Sixty years ago on the 15th March 1955, I entered the gates of HMS Ganges, a boys Royal Naval Training establishment located in the village of Shotely England. A harsher place I have never known and yet they provided the best training a boy could ever want. The photos with this blog are of my 50th anniversary certificate of becoming a Ganges Boy and a sailor. We were so young at 15 years of age, innocent, frightened. bewildered, never before away from home and belonging to the Navy, body and soul for the next 12 years. In fact that 12 years didn’t start to count until we were classified as men at age 18. Things were very strict at the camp and the training severe. if one boy erred we were all punished. We were up at 5.30 am, our beds stripped sheets and blankets folded in a uniform pattern. We shaved whether we needed to or not, the water was cold and there was no heat in our barracks, summer or winter. My joining was somewhat odd because of the dates, Easter fell about three weeks after we arrived and the whole camp closed down for Easter leave (three weeks). My family thought I had found a real cushy number in the navy when I arrived home so soon after leaving. Nevertheless, leave was a difficult time for us new boys. Just half way through basic training we stopped for three weeks. This made it all the more difficult when we returned. Now we knew what to expect, indeed it was too much for a few.. A couple of boys decided they’d had enough and didn’t come back. This was desertion, the police were called in and the boys found and returned. Punishment for such a crime was severe, six 0r twelve cuts with the cane. This was carried out by the Master-At-Arms, he administered the cuts across the boys rear end. The victim was bent over a chair while a Medical Officer observed the laying on of six or twelve welts on the boys buttocks. It raised angry looking welts but they were usually careful not to actually break the skin and cause bleeding. As I’m sure you can imagine few boys ever ran away twice. I have always thought this punishment a more acceptable version of our historic traditional Navy of canon and canvas, lash and cat-o-nine tails. You may well wonder why we allowed ourselves to be in such a dire situation. We didn’t know until we entered the gates and then it was too late. We had signed away lives to the Royal Navy, they owned us for the foreseeable future. I realize how dreadful this story must sound, yet I’m so proud to call myself a Ganges Boy, and I doubt you will find an Ganges Boy who would not agree with me. Outside the Gym at Ganges was the famous poem by Rudyard Kipling “IF” the last sentence reads “Yours is the Earth and everything in it. And – which is more you’ll be a Man my son”. Truer words were never spoken, Ganges turned boys into men.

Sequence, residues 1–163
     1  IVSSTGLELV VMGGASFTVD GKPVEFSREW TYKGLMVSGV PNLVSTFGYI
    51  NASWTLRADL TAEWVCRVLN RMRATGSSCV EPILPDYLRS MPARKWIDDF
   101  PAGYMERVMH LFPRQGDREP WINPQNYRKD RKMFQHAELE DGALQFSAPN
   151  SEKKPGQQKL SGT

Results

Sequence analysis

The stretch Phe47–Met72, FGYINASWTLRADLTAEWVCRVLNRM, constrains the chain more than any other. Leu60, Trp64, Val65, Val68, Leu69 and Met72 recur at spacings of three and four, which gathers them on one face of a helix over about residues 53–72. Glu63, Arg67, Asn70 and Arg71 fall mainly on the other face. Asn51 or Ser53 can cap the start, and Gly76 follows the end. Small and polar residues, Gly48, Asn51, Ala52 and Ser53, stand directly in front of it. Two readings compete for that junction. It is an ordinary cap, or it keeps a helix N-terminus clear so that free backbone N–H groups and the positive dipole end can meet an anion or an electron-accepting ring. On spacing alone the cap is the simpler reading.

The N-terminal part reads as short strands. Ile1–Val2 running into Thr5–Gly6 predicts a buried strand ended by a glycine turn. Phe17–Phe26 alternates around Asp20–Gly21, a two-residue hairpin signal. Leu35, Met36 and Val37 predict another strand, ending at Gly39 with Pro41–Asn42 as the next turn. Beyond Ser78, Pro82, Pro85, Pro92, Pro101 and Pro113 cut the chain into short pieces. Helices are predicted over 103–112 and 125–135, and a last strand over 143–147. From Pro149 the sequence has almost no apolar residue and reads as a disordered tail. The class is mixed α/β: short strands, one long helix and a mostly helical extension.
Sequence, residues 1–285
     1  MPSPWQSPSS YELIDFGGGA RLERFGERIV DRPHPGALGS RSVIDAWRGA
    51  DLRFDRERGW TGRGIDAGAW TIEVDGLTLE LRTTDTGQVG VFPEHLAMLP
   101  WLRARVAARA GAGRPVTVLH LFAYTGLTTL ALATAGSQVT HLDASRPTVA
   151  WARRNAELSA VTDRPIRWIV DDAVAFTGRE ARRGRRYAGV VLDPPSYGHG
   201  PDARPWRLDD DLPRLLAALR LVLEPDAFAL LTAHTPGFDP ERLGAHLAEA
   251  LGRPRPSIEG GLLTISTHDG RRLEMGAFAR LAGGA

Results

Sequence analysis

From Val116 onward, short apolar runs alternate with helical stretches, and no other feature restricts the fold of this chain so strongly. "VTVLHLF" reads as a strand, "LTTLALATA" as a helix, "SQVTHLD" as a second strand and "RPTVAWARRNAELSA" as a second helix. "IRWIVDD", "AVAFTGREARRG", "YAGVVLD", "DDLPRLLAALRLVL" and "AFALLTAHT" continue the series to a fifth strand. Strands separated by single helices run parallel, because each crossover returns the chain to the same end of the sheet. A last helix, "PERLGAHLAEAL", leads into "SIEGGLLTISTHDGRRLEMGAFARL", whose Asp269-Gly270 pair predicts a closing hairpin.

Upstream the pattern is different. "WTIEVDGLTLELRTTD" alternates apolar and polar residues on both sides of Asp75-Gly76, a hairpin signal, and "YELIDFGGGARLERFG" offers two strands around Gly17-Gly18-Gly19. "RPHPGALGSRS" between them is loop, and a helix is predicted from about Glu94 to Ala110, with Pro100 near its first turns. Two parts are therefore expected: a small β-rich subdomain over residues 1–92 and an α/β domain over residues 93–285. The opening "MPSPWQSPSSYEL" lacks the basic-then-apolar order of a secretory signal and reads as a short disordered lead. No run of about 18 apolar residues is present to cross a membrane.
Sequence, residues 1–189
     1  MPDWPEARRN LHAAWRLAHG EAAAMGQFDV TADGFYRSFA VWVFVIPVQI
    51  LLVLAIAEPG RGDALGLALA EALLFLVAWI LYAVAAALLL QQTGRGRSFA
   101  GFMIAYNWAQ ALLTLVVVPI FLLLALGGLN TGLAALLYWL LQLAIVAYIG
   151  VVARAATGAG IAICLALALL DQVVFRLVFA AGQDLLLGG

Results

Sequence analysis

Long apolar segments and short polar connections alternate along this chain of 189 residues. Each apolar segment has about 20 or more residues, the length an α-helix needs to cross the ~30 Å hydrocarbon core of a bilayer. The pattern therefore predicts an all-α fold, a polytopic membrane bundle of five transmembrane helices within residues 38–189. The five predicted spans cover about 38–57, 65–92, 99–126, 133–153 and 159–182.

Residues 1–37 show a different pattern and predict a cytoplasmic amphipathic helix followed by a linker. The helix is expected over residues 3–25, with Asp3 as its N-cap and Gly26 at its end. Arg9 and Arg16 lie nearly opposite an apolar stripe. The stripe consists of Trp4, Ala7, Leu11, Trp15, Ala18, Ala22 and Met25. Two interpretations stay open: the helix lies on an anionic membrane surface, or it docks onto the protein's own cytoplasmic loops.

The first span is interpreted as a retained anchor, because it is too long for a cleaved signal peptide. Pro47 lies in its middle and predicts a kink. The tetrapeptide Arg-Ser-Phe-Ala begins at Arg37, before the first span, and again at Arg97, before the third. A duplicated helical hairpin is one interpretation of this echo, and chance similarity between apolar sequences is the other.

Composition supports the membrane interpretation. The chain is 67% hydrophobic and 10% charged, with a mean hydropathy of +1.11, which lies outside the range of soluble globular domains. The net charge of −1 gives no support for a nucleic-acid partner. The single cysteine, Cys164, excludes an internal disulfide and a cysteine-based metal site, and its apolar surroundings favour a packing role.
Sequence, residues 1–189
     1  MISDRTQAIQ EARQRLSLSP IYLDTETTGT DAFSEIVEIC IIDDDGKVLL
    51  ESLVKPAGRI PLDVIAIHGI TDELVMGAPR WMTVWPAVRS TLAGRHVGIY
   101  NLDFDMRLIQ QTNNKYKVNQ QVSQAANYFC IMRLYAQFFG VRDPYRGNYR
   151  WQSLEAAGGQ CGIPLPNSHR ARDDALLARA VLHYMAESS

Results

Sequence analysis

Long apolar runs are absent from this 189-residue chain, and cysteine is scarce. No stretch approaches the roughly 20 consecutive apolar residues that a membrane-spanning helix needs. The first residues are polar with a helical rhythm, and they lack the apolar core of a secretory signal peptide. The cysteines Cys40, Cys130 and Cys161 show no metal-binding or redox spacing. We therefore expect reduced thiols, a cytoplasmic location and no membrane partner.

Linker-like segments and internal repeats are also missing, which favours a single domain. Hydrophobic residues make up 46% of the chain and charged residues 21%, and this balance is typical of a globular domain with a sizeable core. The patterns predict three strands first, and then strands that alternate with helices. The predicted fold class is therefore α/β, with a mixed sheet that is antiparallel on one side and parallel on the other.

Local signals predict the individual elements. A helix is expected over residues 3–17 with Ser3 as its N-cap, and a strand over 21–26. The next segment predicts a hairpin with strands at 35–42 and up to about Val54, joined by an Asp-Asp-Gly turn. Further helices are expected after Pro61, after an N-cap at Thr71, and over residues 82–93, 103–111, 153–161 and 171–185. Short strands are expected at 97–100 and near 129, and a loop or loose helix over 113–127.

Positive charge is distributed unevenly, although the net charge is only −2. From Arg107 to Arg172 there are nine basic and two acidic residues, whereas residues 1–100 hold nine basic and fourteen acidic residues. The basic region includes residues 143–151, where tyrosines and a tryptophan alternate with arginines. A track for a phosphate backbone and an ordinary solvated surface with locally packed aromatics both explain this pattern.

God Bless and keep reading.
Ganges was indeed the maker of Men. Although I was a Soldier Apprentice Yes a PONGO.I did believe in the program for young Boys who were confused with life and looking for a place where they could be part of a Group. The military taught Discipline and Dress and deportment. As well as a myriad of military subjects. Trades Training was a further adventure into manhood. We all remember the good times and fudge over the bad times. Many a fine man has been a boy seaman or a boy soldier.
I am currently in the UK and googled Ganges; here are 2 sites:
In case you have yet to read them. Great Memories my friend.
I have come across this blog before and dark is the word. It seems this guy has an axe to grind. There was cruelty at Ganges, boys ran away, punishment was severe, Pedophilia was real,and a few boys committed suicide. However, for the post part Ganges was a good place if you obeyed the rules. He claims he was there in 1954 I was there a year later and doubt things had change much in that time. Reading his blog is a very tiresome ordeal and I like I’m sure many others skimmed through it rather than reading word for word. Each to his own.
Totally agree turned boys into good men I was there 1958 was hard but I can’t think of a better start for a boy of 15 yrs Charlie
I was a young GI in Grenville Div.in 1955. The most rewarding job I ever had. We won the field gun comp as well. Last year one of ‘my boys’ made contact with me (7years younger than me) Thanking me for his initiation to the RN. We are still friends
I was Drake 40 mess short covered way. Our POGI name was Russel.decease now,but he was very young too,just one badge so around23-24 years of age.Perhaps you will remember him. I feared him at the time but now look back with fond memories,he was a great guy.
I was pleased to come across the comments regarding Ganges I also was a Ganges boy 1965 Grenville mess hard but possibly the best trying for a 15 year old sad that the mast has fallen into disrepair but may well be on the mend.